What do you mean 'Who is St Piran??'
St Piran is the patron saint of Cornish tin miners and that, coupled with the fact he allegedly died in Cornwall in 480, has all been enough for the county to adopt him as their saint of favour.
It's all a bit vague in the detail. St Piran probably born in Ireland but legend has it that the heathen Irish tied him to a millstone, rolled it over the cliff into a stormy sea, which immediately became calm. The saint floated safely across to land on the sandy beach of Perranzabuloe in Cornwall, where his first converts to Christianity were....er...animals.
More legend suggests that St Piran lit a fire on his blackstone hearth which, unbeknowest to him was a slab of tin-bearing ore. The heat caused smelting to take place and tin rose to the top in the form of a white cross which explains the Cornish flag (and my thanks to this website for that information)
No matter the detail the Cornish flag will be flying everywhere today, Trelawney's Army will be out celebrating in force, and I claim an affinity given we are only about a mile from the border and look across to all things Cornwall every time we gaze out of the window.
It therefore seems like the perfect day to salute the Virago reprint of Daphne du Maurier's Vanishing Cornwall published this week. This is a book we have owned but which I hadn't read for years until I settled down with this new edition over the weekend.
First published in 1967, and at a time when the coffee table book was all the rage,Vanishing Cornwall is Daphne du Maurier's tribute to the county she loved and adopted as her own, the place she made her home, and the book itself her answer to the banality of the glossy volumes that were gracing said coffee tables. All showy pictures and little else of substance, Daphne would write the opposite; words that mattered and which would be complemented by her son Christian's photography. Daphne did her research and the two of them criss-crossed the county on the trail of the heart of Cornwall. The landscape that inspired her books with its rugged coastline and expansive beaches, the wild and desolate moorland, the traditions, the legends, the industry, the fishing, the gentry and the working people, all are represented here.
And let's not forget the weather. Cornwall has a climate of its very own, balmy when everywhere else may be icy, drenched in torrents of rain when everywhere else has blazing sunshine. The times we set off from home on what seems like a glorious day to head down into Cornwall for more of the same, only to find it shrouded in mizzly mist from Bodmin down. But since childhood holidays it has always struck me as a place of secret corners, amazing sights tucked away from the rest of the world, and though of course not much of it remains secret now it still has that air of mystery and the unknown about it.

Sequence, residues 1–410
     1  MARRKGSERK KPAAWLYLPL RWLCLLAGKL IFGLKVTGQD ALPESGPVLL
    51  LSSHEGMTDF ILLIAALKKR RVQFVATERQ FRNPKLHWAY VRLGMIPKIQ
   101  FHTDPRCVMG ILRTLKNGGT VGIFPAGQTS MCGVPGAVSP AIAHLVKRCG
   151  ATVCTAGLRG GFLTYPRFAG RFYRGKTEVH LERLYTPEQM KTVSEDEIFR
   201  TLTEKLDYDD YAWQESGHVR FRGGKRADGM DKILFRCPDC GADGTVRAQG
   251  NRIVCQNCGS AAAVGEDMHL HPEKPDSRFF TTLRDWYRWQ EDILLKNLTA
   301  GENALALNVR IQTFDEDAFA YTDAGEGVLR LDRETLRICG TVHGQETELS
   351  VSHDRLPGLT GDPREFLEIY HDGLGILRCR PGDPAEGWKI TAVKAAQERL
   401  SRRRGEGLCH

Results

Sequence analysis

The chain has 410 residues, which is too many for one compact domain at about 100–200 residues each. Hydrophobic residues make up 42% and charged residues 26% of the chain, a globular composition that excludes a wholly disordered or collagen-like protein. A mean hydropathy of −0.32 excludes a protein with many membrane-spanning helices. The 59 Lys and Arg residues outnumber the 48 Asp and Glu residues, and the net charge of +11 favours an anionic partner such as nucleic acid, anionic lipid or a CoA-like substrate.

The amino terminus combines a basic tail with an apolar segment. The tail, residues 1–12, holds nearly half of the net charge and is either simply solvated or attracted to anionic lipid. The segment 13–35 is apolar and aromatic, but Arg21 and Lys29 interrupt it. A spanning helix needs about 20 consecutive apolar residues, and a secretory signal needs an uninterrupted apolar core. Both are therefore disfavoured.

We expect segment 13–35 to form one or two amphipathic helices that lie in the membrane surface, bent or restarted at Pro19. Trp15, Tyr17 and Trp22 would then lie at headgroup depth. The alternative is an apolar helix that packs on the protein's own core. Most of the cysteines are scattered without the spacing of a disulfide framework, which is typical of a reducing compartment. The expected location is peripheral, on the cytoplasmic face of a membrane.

Reading Vanishing Cornwall it is quite apparent that Daphne du Maurier had enormous and ongoing anxieties about the future of the county. How would it fare as its burgeoning popularity as a holiday destination grew, and Daphne equally worried about how she may have influenced that with her writing..
' As a motorist I pass by with some embarrassment, feeling myself to blame, for out of that November evening long ago came a novel which proved popular, passing, as fiction does, into the folklore of the district. As the author I am flattered, but as a one time wanderer dismayed.'
We pass that place of 'folklore' within twenty minutes of leaving home every time we head down into Cornwall too, and reading Vanishing Cornwall some forty-four years after it was first published, and living on the doorstep as we do, I can see that there are some interesting debates to be had about it all.
We also pass the signs to Warleggan (yes, it is like driving through an episode of Winstons Graham's Poldark ...Demelza isn't that far away either) and now that I have read about the Reverend Frederick Densham, the vicar of Warleggan Parish in the 1920s I really would like to find it. Rev Densham apparently so terrifying and so barking mad that he had no congregation and was forced to make his own out of cardboard cut-outs. A young Daphne and some friends scaled the rectory wall and caught a glimpse of the incumbent pacing in his garden, and Daphne subsequently based a novel on it all... and I can't for the life of me think which it is ... one of you will know.
This is probably also a good time to flag up the 2012 Du Maurier Festival, 9th-20th May, the line-up has been announced and tickets go on sale soon. If I have a favourite and lesser known book of Daphne's it is The Scapegoat, making this event of particular interest...
“A major event of the 2012 Festival is a special advance screening of a new film version of Daphne du Maurier’s story The Scapegoat, commissioned by ITV and starring Matthew Rhys (from the hit US series Brothers & Sisters). Prior to the showing of the film, a panel of actors and members of the production team will discuss the making of this imaginative re-working of du Maurier’s classic tale. Joining them on the panel will be Christian Browning, son of Daphne du Maurier.”
For anyone with a day to spare I seem to have written quite a lot about Daphne over the years and have even remembered to tag it, so you will find it all here and including some forays down to the Du Maurier Festival in Fowey in previous years, plus I've had a trawl through the archives for some more Cornish reading,
Daphne ~ Justine Picardie
If you have any more suggestions please do add them in comments.
Meanwhile I do hope you will all be tucking into an oggy wherever you are today, god bless St Piran. I expect he thought of those first too, and that thing about the crimped pastry being the bit for the tin miners to hold it with when their hands were dirty is a load of old invented modern-day poppycock.